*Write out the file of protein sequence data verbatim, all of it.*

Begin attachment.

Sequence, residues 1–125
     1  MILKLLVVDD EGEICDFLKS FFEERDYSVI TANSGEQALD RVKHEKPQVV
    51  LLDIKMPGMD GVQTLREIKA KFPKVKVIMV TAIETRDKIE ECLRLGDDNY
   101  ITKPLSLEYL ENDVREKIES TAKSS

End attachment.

Sequence, residues 1–125
     1  MILKLLVVDD EGEICDFLKS FFEERDYSVI TANSGEQALD RVKHEKPQVV
    51  LLDIKMPGMD GVQTLREIKA KFPKVKVIMV TAIETRDKIE ECLRLGDDNY
   101  ITKPLSLEYL ENDVREKIES TAKSS